Pauchay, 25, pleaded guilty in November to criminal negligence causing death.  The single charge covered the deaths of both children and Pauchay's failure "to provide protection from exposure to the elements" in temperatures that would have felt like -50 C with the wind chill.  It was nearly a year ago when he left his home on the Yellow Quill First Nation with his daughters Kaydance, 3, and Santana, 1.

The Court heard that Pauchay had been drinking and didn't remember much about that night.  He did recall that one of his girls was hurt and he needed to get help.  But once outside, the children became separated from their father.  Pauchay eventually made it to a neighbour's house in the early morning of Jan. 29 and was taken to hospital suffering from severe frostbite and hypothermia. Eight hours later, when he was able to speak, he asked about his children.... 

Piche, who believes a conditional sentence is appropriate, said Pauchay "has suffered and will suffer for the rest of his life."  He also said Pauchay told him that he's not afraid of going to jail. "He's living his own punishment on a daily basis."  However, Piche also noted that Morgan will have the final say on what is an appropriate sentence.

A sentencing circle is usually made up of members of the community, the victim, the victim's family and elders. Everyone has a chance to talk about the crime and to suggest punishment that might be appropriate. A judge still imposes the sentence and can ignore the recommendations of the sentencing circle.

Crown prosecutor Marylynne Beaton, who opposed the sentencing circle, could not immediately be reached for comment. However, she had told court that the crime was far too serious for a sentencing circle, usually reserved for criminals who won't face more than two years behind bars. The Crown is seeking a sentence of 2 1/2 to five years in prison.

January 7, 2009 in Criminal Sentences Alternatives | Permalink | Comments (5) | TrackBack

Any early predictions on Jeff Skilling's likely sentence the second time around?

As noted here, the Fifth Circuit ordered former Enron CEO Jeff Skilling resentenced because District Judge Sim Lake made a guideline calculation error.  But the Fifth Circuit said little else about Skilling's original sentence, which may ensure that the outcome (and even the terms of debate) for his resentencing are uncertain for the time being. This Bloomberg news reporthas this notable discussion of resentencing possibilities:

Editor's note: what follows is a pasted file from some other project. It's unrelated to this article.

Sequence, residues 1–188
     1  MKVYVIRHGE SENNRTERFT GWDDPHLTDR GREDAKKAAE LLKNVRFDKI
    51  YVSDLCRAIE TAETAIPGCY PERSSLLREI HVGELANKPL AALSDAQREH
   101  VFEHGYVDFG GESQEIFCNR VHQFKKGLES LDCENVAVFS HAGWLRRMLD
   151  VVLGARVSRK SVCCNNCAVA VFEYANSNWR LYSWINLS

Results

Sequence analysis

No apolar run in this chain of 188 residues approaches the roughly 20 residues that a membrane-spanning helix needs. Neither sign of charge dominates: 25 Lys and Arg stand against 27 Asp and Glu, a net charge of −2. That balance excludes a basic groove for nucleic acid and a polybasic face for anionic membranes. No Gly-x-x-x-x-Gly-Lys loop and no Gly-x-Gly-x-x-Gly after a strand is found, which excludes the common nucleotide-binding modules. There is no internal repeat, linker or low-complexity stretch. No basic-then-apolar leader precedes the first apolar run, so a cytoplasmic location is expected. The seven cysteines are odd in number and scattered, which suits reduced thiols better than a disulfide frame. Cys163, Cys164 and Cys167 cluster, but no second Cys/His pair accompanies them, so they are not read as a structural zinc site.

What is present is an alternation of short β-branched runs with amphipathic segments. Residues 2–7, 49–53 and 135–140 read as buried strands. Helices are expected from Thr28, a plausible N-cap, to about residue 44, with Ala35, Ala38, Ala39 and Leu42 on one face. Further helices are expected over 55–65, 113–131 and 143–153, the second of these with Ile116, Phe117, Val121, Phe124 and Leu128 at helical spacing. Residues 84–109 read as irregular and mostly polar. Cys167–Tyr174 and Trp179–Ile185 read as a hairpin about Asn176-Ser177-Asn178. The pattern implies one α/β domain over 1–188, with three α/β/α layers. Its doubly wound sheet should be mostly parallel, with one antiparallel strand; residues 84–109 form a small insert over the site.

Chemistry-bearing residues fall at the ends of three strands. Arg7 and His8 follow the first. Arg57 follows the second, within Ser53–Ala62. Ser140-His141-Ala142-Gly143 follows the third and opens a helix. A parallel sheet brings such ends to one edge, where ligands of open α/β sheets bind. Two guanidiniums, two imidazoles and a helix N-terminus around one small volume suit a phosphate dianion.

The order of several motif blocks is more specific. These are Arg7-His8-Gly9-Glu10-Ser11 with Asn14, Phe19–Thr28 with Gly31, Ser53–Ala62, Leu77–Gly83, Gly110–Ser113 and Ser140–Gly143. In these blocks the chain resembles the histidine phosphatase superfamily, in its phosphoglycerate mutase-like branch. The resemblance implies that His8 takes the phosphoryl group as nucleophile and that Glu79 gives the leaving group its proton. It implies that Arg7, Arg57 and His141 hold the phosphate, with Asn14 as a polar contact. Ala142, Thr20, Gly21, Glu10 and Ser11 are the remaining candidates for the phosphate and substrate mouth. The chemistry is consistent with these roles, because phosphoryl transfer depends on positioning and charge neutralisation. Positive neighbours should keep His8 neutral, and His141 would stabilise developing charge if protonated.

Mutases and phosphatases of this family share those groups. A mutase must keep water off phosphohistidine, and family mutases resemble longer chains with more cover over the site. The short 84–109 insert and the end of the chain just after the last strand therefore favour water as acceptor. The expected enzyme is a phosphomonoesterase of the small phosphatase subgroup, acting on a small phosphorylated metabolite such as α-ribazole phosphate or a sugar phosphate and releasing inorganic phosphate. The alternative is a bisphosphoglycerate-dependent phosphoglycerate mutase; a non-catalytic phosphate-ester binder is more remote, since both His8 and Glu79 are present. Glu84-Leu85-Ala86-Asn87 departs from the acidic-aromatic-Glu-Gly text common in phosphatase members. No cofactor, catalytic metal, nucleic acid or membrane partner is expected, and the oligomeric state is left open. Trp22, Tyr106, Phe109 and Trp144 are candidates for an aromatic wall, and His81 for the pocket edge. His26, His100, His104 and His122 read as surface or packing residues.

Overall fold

If that’s the only basis of resentencing, it would be a modest reduction,” said Kirby Behre, a partner at Paul Hastings Janofsky & Walker in Washington and co-author of “Federal Sentencing for Business Crimes.” “It might be more than modest, but it’s not going to get him down to 10 or 12 years.”

In the 2000 guidelines under which Skilling was sentenced, the financial-institution factor brought his offense level to 40 from 36 and his range to between 292 and 365 months in prison.  Lake imposed 292 months, or 24 years and four months. Dropping the offense level back to 36 brings a range of 188 to 235 months, or 15 2/3 years to 19 years and seven months....

Because the Supreme Court made the guidelines voluntary in January 2005, in a case called U.S. v. Booker, Skilling may be given the same sentence...

Other experts said the judge may reduce Skilling’s sentence to the lower range....  Lake is likely to use the guidelines again when he resentences Skilling, said Paul Cassell, a former federal judge who’s now a law professor at the University of Utah in Salt Lake City. “Most federal judges in the system follow the guidelines, particularly in a case where they’ve used them before,” Cassell said in a phone interview.

For a host or reasons, I am disinclined to make any predictions about resentencing.  In addition, because the Skilling legal team clearly plans to continue appealing his convictions, it is even unclear whether resentencing may be only a few months away or still years away.  Whatever the practical particulars, I would be eager to here reader thoughts on what might happen next on the sentencing side of the Skilling case.

January 7, 2009 | Permalink | Comments (3) | TrackBack

Notable crack reduction opinion from the Second Circuit

Virtually every day now we get a new opinion from the circuit courts about the legal rules surrounding federal sentence reductions pursuant to 18 U.S.C. § 3582(c)(2).  The latest such decision is from the Second Circuit in US v. v. Williams (Lewis), No. 08-1065 (2d Cir. Jan. 7, 2009) (available here).  Here is the court's summary of its work in this case:

Appellant appeals from a denial of a motion seeking a reduced sentence pursuant to 18 U.S.C. § 3582(c)(2) following the amendment to the Sentencing Guidelines applicable to crack cocaine violations. In denying the motion for resentencing, the District Court for the Northern District of New York (Mordue, J.), found that because Appellant’s original sentence was a non- Guidelines sentence resulting from a departure from the statutory minimum sentence pursuant to 18 U.S.C. § 3553(e), he was not eligible for a reduced sentence under the amended Guidelines.  We agree with the district court’s interpretation of § 3582(c)(2) and find that Appellant is not eligible for a new sentence under the revised Guidelines because the Guidelines provision underlying the sentence that was finally imposed on the Appellant was not a provision affected by the subsequent amendment to the Guidelines. AFFIRMED.